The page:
Breast Reduction

By Robert Clement, M.D. – September 5, 2012

Breast hypertrophy (excessive breast tissue) is a fairly common problem that affects one physically, mentally, and emotionally. As both women and men develop breast buds, they are affected by the amount of estrogen production or the estrogen-testosterone balance as puberty advances. The other factor in breast tissue development is its responsiveness to that estrogen, which is hereditarily dictated. When breast development usually begins, the breast buds respond to the estrogen and have an increased deposit of fat and fibrous tissue to increase their size. If a person is hereditarily predisposed to large breast development, this usually starts at age 11 to 13 and continues through the mid to late teens.

In males, estrogen increases the breast bud and fatty deposits. As puberty progresses and the amount of estrogen decreases and testosterone increases, the breast buds usually reduce in size and the fatty component is reduced, especially if the male is physically active. However, there are many males, probably 15 to 18 percent of the population, who will have residual breast tissue and fatty development on the chest wall through puberty and throughout life. This usually increases in volume, especially from the fat deposit as one reaches middle and later age.

This condition in males is called gynecomastia and can be corrected with surgical excision of the breast tissue and removal of fat with liposuction. If there is very minimal breast tissue and it is predominantly a fatty issue, then liposuction alone will improve the contour dramatically. It has been my experience that, in nearly all males, there is enough breast tissue present that it requires surgical removal of this breast tissue to get the male chest configuration that they want. This will be a permanent cure unless the patient gains a significant amount of weight. At that point, fat would be redistributed over the chest wall, especially if there is an increase in the estrogen level.

In females, large breasts can limit the ability to exercise, cause back and neck pain, and sometimes subject the person to unrelenting teasing. If the problem of weight is so severe as to limit activities or cause pain early on, the correction or reduction can be done as early as 19 to 20 years of age. If the problem is moderate, patients may elect to wait until after childbearing age or when breast-feeding is over. However, breast reduction does not mean that a woman cannot breast-feed. One of the reduction procedures, the inferior pedicle, can make it possible for the patient to be able to breast-feed even after a breast reduction procedure as a significant amount of breast tissue is left attached to the nipple and this tissue is capable of producing enough milk. I have had several patients write me after having breast-fed their children when their reductions were done at an early age.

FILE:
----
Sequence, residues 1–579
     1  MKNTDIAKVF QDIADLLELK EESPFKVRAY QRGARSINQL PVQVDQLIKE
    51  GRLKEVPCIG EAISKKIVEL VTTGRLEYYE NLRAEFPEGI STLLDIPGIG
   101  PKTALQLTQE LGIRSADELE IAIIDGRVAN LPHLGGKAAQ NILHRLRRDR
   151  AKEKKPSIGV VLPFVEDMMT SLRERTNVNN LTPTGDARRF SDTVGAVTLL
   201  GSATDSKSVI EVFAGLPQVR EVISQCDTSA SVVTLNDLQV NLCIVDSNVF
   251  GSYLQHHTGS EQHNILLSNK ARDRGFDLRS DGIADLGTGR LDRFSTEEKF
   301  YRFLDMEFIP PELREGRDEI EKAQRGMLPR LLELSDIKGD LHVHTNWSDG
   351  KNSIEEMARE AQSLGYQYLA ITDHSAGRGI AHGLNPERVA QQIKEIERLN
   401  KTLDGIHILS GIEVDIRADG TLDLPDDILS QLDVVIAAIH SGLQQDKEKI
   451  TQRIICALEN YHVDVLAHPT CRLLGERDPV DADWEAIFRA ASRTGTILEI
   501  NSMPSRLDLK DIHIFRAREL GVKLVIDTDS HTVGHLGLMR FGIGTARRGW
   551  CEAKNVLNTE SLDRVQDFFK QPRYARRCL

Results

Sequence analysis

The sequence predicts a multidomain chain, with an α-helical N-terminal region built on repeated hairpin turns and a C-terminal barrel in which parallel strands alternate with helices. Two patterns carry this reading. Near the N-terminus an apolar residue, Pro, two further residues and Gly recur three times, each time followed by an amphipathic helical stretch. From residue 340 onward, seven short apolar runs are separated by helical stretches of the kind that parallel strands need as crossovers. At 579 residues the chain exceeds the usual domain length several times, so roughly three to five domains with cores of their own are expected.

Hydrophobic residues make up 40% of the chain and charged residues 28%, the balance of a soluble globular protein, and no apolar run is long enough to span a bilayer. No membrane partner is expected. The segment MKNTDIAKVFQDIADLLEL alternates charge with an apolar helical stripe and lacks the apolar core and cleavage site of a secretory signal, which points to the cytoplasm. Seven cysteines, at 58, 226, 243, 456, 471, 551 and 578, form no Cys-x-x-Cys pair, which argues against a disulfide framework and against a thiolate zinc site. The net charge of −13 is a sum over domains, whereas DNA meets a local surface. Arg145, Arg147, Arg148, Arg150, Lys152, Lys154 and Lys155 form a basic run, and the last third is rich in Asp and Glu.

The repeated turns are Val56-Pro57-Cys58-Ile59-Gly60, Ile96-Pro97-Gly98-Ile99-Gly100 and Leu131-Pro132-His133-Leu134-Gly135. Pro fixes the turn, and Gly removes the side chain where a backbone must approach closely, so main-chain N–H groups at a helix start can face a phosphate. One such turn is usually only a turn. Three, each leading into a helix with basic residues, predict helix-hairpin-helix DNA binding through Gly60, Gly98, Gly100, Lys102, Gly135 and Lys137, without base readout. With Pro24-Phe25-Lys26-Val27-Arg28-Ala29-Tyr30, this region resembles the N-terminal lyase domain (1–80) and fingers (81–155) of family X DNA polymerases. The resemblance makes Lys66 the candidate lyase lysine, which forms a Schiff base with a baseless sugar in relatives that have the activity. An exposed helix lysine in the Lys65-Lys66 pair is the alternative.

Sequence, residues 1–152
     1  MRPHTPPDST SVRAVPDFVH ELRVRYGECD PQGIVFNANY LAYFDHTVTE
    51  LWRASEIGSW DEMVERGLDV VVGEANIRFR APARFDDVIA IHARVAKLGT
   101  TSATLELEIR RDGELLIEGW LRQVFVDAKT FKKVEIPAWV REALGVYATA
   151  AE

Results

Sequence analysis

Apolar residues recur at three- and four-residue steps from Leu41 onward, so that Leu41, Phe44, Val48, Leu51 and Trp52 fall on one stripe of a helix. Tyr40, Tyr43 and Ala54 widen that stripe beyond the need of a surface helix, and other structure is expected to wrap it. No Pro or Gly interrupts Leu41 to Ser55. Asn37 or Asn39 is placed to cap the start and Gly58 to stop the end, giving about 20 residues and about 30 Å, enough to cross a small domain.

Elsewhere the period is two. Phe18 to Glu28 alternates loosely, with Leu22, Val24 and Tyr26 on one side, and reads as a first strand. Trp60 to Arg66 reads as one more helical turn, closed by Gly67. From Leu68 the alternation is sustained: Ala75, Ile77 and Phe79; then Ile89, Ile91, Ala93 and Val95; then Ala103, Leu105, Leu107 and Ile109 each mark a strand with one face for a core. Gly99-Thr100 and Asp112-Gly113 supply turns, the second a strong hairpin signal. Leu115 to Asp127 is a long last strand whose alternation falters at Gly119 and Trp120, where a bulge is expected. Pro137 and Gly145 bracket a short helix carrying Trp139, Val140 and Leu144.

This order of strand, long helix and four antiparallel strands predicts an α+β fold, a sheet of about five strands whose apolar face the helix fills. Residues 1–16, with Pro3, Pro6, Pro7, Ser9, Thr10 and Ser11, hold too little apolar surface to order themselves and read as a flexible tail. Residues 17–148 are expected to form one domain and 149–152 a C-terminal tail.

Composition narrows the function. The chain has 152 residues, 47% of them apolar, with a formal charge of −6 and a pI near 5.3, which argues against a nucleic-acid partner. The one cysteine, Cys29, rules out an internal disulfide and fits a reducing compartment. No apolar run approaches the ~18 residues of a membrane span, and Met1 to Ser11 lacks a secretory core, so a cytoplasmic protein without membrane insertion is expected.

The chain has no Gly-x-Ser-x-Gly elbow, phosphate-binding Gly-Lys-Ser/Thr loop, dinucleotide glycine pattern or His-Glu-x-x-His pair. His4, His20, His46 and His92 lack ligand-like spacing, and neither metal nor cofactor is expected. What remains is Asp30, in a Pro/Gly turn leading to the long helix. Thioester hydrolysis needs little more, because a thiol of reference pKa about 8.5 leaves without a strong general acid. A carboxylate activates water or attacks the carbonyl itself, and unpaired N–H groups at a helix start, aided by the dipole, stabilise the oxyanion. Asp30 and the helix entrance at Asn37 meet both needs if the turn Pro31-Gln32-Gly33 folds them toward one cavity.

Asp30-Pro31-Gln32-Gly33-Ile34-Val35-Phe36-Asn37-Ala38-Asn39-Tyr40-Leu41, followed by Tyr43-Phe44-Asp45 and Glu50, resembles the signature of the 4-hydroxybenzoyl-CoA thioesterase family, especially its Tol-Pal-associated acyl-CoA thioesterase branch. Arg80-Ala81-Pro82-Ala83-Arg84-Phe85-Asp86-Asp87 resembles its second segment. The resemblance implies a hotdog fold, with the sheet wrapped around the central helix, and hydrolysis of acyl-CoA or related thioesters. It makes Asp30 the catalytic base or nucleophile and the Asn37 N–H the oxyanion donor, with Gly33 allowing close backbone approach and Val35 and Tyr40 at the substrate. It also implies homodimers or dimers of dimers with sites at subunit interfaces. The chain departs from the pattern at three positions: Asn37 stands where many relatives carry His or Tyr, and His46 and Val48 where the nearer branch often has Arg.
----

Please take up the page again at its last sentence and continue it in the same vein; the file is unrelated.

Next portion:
As a group, breast reduction patients are probably my happiest patients. It changes their lives, allowing them to wear clothing that matches top and bottom, to exercise without discomfort, and to live without the constant shoulder and neck pain even when they are not exercising.

There are multiple patterns used to reduce the breast including the circumareolar, an incision around the areolar complex with liposuction. Liposuction alone can be used for reduction but this has no ability to lift the breast. In order to lift the breast, some of the skin must be removed. There are two primary patterns that are used; the anchor, which is an inverted “T,” and the lollipop, which is a circumareolar with a vertical component. In larger breasts, the anchor is more supportive and gives a better contour because more skin can be removed and the breast tissue can be contoured in a more defined manner.

Physical advantages of breast reduction are decreased back and shoulder pain, increased mobility, a decreased fatigue factor, and the ability to buy the clothing with the same size top and bottom. Running or any other type of bouncing exercise can create significant problems with these patients due to the breasts’ extreme weight and the shift in the center of gravity forward in their body. Following the breast reduction, I still suggest wearing a good support bra while doing heavy exercise like running and aerobics. There are several good brands of support or exercise bras on the market. One is called the Ta Ta Tamer, from lululemon Athletica, which I think is very supportive and works extremely well.

After surgery, the return to full activities is approximately four weeks (walking after one week to ten days and mild swimming at two weeks). Patients may increase activities to an elliptical trainer or treadmill at three weeks and then, at four weeks, return to full activities. The risks include the usual surgical problems of bleeding, infection, skin problems, and the fact that there will be a permanent scar, which usually is of fairly good quality.


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